Keyframe illustrator job description
Keyframe Illustrators draw designs for key scenes in live-action or animated productions.
They illustrate the midway point between concept art and final shot. These are definitive images from the work that establish its style, thus operating as key artwork.
The work of a Keyframe Illustrator is vital as it sets the tone and look of major set pieces. In the case of film they work with the director to visualize the major or big budget sequences in the film, storyboarding the scenes as a reference for the filmmaking process. In the case of animation they illustrate the scenes that express major plot points and climaxes in the production.
Role and Responsibilities
The role of the Keyframe Illustrator is to sketch out key scenes in a script. The keyframes establish the look, timings, camera angles and points of view of the sequences, and they can be sequenced as short storyboards. In filmmaking these illustrations operate as a visual guide to how live action will be shot, especially complex scenes that require special effects, chase sequences, tightly choreographed sequences, etc. In animation they will identify how crucial or visually definitive scenes will play out.
The Keyframe Illustrator works closely with the director to illustrate their vision of key scenes. In filmmaking cinematographers, gaffers and editors will use these illustrations from pre production to post production. In animation these illustrations will be a reference for how to animate key scenes as well as influence the rest of the production.
The responsibilities of a Keyframe Illustrator may include:
- Liaising with writers, animators and directors regarding the look, style and level of detail required for the keyframe sequences
- Reading and interpreting scripts
- Breaking down the script with the director to identify key scenes and planning them visually
- Sequencing the scenes from a script into illustration or storyboard format
- Including special effects in the keyframes
- Identifying lighting requirements and articulate circles of tension within each scene
- Including key dialogue or scene directions within each frame
- Briefing animators on keyframe sequences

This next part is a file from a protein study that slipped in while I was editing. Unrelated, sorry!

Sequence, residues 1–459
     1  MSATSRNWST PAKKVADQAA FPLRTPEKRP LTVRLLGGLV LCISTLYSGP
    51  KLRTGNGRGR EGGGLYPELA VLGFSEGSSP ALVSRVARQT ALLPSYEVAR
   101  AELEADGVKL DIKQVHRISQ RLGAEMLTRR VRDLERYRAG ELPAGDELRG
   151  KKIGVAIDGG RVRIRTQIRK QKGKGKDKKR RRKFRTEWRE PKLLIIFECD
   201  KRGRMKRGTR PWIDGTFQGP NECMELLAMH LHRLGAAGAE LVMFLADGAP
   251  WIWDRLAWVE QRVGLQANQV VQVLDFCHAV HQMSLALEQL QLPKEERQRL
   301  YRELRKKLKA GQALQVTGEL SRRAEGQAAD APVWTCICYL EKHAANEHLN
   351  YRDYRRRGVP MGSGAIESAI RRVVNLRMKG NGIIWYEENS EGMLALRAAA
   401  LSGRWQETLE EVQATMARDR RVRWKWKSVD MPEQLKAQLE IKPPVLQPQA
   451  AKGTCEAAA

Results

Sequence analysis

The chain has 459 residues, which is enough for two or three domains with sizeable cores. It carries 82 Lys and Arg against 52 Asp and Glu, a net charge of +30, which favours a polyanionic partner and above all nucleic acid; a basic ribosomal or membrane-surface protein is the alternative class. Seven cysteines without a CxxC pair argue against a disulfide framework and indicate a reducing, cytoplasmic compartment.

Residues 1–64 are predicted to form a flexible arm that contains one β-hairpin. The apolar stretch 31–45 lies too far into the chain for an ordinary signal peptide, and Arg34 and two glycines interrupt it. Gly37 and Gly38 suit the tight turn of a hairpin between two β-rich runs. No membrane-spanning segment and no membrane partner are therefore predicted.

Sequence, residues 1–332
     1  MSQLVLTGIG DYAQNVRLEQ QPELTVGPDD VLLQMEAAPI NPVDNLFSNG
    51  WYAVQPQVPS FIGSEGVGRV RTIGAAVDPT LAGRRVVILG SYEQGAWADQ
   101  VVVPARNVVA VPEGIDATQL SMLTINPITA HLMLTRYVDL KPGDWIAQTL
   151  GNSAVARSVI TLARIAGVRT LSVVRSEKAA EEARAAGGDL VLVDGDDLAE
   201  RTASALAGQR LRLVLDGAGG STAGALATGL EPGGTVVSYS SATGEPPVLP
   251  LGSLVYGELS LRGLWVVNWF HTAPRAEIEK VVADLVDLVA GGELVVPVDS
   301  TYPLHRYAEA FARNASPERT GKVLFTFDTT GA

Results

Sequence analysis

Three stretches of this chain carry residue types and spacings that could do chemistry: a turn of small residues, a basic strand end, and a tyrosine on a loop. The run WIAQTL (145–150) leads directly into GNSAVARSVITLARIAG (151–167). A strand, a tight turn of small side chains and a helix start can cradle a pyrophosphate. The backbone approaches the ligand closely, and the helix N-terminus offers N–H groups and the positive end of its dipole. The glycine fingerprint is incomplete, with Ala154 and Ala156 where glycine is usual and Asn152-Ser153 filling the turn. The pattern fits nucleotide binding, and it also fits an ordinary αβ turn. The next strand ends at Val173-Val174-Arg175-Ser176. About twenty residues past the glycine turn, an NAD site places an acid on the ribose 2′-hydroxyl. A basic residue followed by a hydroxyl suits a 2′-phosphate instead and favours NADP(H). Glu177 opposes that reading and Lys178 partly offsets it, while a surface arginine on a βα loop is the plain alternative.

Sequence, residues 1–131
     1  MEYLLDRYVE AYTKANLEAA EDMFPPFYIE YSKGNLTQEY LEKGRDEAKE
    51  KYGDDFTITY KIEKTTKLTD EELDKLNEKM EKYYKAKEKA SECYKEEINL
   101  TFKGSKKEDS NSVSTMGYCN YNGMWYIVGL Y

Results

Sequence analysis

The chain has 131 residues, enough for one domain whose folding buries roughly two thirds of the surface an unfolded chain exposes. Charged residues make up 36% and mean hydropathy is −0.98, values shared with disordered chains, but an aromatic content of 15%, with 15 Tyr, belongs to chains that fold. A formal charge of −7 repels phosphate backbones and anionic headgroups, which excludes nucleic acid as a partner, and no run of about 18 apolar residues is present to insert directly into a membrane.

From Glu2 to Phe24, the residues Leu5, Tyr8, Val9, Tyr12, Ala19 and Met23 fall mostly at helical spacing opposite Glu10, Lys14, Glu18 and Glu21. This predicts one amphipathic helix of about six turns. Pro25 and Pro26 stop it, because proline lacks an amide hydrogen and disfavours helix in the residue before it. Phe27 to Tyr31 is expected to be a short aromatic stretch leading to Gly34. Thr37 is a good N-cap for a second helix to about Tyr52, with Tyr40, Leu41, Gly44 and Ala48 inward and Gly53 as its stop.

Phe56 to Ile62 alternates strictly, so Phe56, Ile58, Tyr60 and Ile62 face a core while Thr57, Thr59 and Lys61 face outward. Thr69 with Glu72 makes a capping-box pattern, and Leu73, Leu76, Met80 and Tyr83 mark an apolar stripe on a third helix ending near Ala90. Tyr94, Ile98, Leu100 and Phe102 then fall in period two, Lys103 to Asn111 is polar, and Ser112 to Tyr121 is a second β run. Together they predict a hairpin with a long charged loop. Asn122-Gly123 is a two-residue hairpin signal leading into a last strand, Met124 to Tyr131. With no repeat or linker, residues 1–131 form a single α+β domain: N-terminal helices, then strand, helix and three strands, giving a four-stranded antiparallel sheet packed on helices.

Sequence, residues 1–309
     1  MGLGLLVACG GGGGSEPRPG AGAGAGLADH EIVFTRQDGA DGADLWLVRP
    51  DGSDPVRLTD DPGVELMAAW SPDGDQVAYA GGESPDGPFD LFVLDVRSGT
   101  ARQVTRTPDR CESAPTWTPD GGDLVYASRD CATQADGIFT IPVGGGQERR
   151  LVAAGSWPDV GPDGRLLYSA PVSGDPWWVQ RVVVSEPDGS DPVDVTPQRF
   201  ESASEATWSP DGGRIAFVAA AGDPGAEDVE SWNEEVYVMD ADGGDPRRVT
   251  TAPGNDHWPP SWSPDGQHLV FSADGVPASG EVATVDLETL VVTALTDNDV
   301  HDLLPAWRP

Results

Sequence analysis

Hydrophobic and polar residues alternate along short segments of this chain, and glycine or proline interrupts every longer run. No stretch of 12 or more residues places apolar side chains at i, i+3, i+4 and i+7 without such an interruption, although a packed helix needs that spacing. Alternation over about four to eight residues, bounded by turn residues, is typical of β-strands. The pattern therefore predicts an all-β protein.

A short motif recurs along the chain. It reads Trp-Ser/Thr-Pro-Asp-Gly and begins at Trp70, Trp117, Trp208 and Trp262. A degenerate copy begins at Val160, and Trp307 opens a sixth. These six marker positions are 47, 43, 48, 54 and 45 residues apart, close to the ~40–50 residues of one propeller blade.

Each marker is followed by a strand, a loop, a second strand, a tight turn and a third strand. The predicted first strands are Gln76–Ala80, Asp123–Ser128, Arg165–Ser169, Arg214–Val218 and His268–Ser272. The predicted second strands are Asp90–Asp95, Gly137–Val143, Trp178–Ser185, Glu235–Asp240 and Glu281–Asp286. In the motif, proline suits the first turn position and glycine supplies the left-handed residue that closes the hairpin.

- Amending scenes during the course of production
Software and Other Tools Used
Keyframe Artists can work with simple pen and paper or with computer software. On animated sequences, they will use 2D and 3D animation software.
Software used by keyframe illustrators may include:
- Adobe Photoshop, Illustrator
- Toon Boom Harmony
- 3D Studio Max
The Keyframe Illustrator works closely with the director to give graphic representation to their vision of the script. They need strong visual storytelling skills to bring the scenes to life and identify important production and narrative elements of the scenes.
Employers may look for the following skills in a keyframe illustrator:
- Ability to collaborate effectively with concept artists, writers, directors, clients, etc to visualize the scenes
- Strong portfolio of original work
- Training in animation or filmmaking
- Presentation skills
- Fluency in visual storytelling
- Knowledge of various styles and genres of film and animation
- Talent for sketching
- Photography skills can be beneficial
- Understanding of the principles of animation
- Knowledge of the principles of storytelling, ie: the Hero’s Journey
- Able to interpret the ideas of others into detailed drawings
- Analytical skills
- Strong layout and design skills
- Ability to work quickly and react to last-minute changes
- Adaptability in working with different directors who will demand varying degrees of complexity from keyframes and storyboards
- Equally skilled in hand drawing and computer drawing
- Solid knowledge of camera angles and cinematography techniques
- Editing skills
Keyframe Illustrators fall under the category of Illustrator pay scales, with an average salary ranging from USD $32,00 to USD $77,000.
To learn more about this field, visit: What is Digital Illustration?